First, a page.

Lawrence C. Becker (1991). Rethinking Democracy, by Carol C. Gould. [REVIEW] Philosophy and Phenomenological Research 51 (2):444-448.
  37.  3
    Benjamin Hamby (2013). A Review of THINK Critically by Peter Facione and Carol Ann Gittens. [REVIEW] Inquiry: Critical Thinking Across the Disciplines 28 (1):46-53.
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  38.  29
    Richard Kyte (1996). Moral Reasoning as Perception: A Reading of Carol Gilligan. Hypatia 11 (3):97-113.
    Gilligan's understanding of moral reasoning as a kind of perception has its roots in the conception of moral experience espoused by Simone Weil and Iris Murdoch. A clear understanding of that conception, however, reveals grave difficulties with Gilligan's descriptions of the care perspective and justice perspective. In particular, we can see that the two perspectives are not mutually exclusive once we recognize that attention does not require attachment and that impartiality does not require detachment.
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  39.  44
    Tamar Szabó Gendler (2002). Critical Study of Carol Rovane's the Bounds of Agency. [REVIEW] Philosophy and Phenomenological Research 64 (1):229–240.
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  40. E. Minchin (2003). The Raft of Odysseus: The Ethnographic Imagination of Homer's Odyssey. By Carol Dougherty. The European Legacy 8 (4):525-525.
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  41.  12
    Jason Helms (2008). The Task of the Name: A Reply to Carol Poster. Philosophy and Rhetoric 41 (3):pp. 278-287.
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  42.  5
    Arlyn Diamond (2006). Carol F. Heffernan, The Orient in Chaucer and Medieval Romance. (Studies in Medieval Romance.) Woodbridge, Eng., and Rochester, N.Y.: Boydell and Brewer, 2003. Pp. X, 160; 2 Black-and-White Plates. [REVIEW] Speculum 81 (1):199-201.
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  43.  5
    Paul G. Heltne (2012). Wind, Sun, Soil, Spirit: Biblical Ethics and Climate Changeby Carol S. Robb. Zygon 47 (4):1017-1020.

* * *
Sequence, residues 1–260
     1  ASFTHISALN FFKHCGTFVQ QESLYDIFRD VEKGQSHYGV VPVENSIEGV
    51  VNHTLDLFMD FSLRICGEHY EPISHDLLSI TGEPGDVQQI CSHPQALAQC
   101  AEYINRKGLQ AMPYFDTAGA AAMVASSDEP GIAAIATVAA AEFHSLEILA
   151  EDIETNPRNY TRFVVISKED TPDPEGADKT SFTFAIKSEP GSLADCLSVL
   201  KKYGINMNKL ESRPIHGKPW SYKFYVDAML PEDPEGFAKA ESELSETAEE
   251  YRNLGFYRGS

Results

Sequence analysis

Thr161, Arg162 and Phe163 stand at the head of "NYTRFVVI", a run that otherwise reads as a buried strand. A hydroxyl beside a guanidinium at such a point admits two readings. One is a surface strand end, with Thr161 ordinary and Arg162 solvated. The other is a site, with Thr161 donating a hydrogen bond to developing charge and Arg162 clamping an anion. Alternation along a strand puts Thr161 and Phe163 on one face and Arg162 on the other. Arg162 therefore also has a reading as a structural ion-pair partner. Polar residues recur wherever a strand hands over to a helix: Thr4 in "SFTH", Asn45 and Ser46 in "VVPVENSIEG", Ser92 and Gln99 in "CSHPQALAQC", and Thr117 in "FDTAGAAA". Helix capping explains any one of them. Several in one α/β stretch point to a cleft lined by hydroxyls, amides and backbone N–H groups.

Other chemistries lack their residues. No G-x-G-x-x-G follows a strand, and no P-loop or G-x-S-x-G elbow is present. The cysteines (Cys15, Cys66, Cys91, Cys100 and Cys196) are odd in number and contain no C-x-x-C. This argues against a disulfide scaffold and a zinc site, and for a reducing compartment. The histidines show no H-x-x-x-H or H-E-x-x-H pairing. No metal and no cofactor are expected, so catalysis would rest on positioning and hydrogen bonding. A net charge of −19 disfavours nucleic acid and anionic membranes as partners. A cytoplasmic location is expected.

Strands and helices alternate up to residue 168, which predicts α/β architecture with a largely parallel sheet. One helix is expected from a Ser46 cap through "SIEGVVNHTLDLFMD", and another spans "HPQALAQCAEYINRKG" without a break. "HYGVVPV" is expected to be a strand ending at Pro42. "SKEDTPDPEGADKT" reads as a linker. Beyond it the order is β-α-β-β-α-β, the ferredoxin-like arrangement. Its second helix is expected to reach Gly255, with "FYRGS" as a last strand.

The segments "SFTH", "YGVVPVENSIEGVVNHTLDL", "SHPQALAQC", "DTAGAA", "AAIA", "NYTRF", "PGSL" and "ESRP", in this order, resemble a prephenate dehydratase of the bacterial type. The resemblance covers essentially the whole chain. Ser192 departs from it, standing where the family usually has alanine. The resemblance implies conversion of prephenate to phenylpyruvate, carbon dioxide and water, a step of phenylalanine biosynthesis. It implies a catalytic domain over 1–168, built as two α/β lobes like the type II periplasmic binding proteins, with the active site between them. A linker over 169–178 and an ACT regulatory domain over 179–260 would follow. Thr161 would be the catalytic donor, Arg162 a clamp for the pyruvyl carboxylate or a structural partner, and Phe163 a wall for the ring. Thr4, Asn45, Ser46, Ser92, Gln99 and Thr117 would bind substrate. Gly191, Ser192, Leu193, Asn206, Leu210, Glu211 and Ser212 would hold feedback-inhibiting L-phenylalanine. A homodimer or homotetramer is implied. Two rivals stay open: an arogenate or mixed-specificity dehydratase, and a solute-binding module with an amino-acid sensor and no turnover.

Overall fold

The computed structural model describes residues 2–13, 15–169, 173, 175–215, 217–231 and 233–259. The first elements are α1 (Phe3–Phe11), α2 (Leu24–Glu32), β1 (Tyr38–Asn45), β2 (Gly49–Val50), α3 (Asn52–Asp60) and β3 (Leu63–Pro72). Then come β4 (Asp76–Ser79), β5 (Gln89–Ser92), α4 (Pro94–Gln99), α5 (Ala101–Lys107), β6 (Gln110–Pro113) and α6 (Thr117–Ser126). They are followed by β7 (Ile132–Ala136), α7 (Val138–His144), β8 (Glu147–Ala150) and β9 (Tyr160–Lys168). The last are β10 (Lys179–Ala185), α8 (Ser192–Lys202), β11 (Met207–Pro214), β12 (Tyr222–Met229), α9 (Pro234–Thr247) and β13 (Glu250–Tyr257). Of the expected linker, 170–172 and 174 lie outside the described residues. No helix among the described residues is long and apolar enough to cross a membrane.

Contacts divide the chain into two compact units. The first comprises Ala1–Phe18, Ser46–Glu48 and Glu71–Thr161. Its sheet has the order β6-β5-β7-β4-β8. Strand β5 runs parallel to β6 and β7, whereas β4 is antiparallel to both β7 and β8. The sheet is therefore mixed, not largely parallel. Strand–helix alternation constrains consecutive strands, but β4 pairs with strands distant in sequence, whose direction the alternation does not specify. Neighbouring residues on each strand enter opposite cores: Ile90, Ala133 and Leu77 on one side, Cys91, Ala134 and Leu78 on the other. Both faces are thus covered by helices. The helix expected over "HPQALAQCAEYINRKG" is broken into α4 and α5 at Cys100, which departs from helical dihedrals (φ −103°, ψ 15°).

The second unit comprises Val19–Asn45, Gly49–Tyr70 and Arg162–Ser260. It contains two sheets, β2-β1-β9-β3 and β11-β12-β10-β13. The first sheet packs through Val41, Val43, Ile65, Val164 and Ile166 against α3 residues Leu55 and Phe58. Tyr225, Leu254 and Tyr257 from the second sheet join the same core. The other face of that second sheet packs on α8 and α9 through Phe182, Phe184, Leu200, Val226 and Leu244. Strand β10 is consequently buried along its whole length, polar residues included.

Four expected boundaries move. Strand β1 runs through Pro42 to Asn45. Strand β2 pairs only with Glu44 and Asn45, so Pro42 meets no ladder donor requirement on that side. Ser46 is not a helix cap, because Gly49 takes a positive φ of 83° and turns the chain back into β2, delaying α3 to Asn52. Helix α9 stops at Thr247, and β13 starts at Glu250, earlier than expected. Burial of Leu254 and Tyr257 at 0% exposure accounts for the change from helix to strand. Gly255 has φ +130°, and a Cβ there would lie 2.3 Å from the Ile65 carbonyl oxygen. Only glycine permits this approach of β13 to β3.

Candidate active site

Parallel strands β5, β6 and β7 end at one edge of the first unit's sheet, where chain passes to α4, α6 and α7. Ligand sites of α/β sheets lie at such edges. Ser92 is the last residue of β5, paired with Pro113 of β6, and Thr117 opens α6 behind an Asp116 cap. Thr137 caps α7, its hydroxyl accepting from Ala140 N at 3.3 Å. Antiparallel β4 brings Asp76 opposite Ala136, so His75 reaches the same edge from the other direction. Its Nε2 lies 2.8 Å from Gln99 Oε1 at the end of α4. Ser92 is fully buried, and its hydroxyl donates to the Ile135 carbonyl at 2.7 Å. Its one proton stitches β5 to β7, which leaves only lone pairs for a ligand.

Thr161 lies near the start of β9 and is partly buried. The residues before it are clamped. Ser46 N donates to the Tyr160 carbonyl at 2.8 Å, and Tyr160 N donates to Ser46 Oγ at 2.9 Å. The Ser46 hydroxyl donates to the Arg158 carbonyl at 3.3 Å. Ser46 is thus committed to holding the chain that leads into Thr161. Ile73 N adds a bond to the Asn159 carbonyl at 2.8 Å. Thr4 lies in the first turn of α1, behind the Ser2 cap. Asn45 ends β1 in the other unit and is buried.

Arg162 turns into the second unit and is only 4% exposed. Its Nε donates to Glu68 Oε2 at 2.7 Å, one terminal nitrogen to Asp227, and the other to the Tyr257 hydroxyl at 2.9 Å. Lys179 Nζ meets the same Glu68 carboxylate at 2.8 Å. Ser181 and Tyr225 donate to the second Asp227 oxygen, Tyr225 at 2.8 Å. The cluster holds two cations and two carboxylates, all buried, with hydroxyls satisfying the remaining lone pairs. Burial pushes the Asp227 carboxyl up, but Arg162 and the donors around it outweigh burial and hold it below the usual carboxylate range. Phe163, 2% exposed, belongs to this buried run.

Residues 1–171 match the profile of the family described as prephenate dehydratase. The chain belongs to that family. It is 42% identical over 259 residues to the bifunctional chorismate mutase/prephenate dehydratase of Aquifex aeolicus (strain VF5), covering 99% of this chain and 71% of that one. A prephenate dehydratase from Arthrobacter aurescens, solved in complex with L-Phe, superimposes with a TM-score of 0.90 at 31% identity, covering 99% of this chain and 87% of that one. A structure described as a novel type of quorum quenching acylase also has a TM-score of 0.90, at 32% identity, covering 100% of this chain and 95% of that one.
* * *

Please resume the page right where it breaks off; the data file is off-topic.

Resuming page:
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  44.  6
    Rosemary Auchmuty & Karin Van Marle (2012). Special Issue: Carol Smart's Feminism and the Power of Law. [REVIEW] Feminist Legal Studies 20 (2):65-69.
  45.  10
    Dorothy E. Shippen & Meni Melek (1997). No End of a Problem. Telomeres (1995). Edited by Elizabeth M. Blackburn and Carol W. Greider. Cold Spring Harbor Laboratory Press. Pp X+396. $80. ISBN 0 87696 457 2. [REVIEW] Bioessays 19 (3):268-269.
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  46.  11
    C. W. Lape, S. D. Olson, D. Sells, C. Vester, K. Wrenhaven, Gregory S. Aldrete, Scott Bartell & Alicia Aldrete (2013). Peter Agócs, Chris Carey, and Richard Rawles (Eds.). Receiving the Komos: An-Cient and Modern Receptions of the Victory Ode. Bulletin of the Institute of Clas-Sical Studies Supplements, 112. London: Institute of Classical Studies, School of Advanced Study, 2012. Pp. Ix, 250.£ 50.00 (Pb.). ISBN 978-1-905670-34-5. A Companion Volume to These Same Editors' Reading the Victory Ode (Cam. [REVIEW] Classical World: A Quarterly Journal on Antiquity 106 (4):713-722.
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  47.  10
    Henk de Berg, Duncan Large & Jennifer Ebbeler (2013). Alligor, Catherine. Dolley Madison: The Problem of National Unity. Lives of American Women. Series Editor, Carol Berkin. Boulder, CO: Westview Press, 2013. Pp. Xv+ 175. Paper, $23.00. Baldwin, Thomas, Editor. The Cambridge History of Philosophy 1870–1945. Cambridge-New York: Cam-Bridge University Press, 2012. Pp. Xiii+ 959. Paper, $60.95. [REVIEW] Journal of the History of Philosophy 51 (2):327-330.
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  48.  9
    Benjamin Hamby (2013). A Review of THINK Critically by Peter Facione and Carol Ann Gittens. [REVIEW] Inquiry 28 (1):46-53.
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  49.  9
    Stewart Lockie, Jen Hayward & Nell Salem (2002). Carol J. Adams. The Sexual Politics of Meat: A Feminist-Vegetarian Critical Theory, Tenth Anniversary Edition; Kathryn Paxton George. Animal, Vegetable, or Woman? A Feminist Critique of Ethical Vegetarianism; Michael Allen Fox. Deep Vegetarianism. [REVIEW] Agriculture and Human Values 19 (4):361-363.
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  50.  5
    Poorna Kushalnagar (2010). Pooma Kushalnagar, Gaurav Mathur, Christopher J. Moreland, Dorma Jo Napoli, Wendy Osterling, Carol Padden, and Christian Rathmann," Infants and Children with Hearing Loss Need Early Language Access," The Journal of Clinical Ethics 21, No. 2 (Summer 2010): 143-54. [REVIEW] Journal of Clinical Ethics 21 (2):143-54.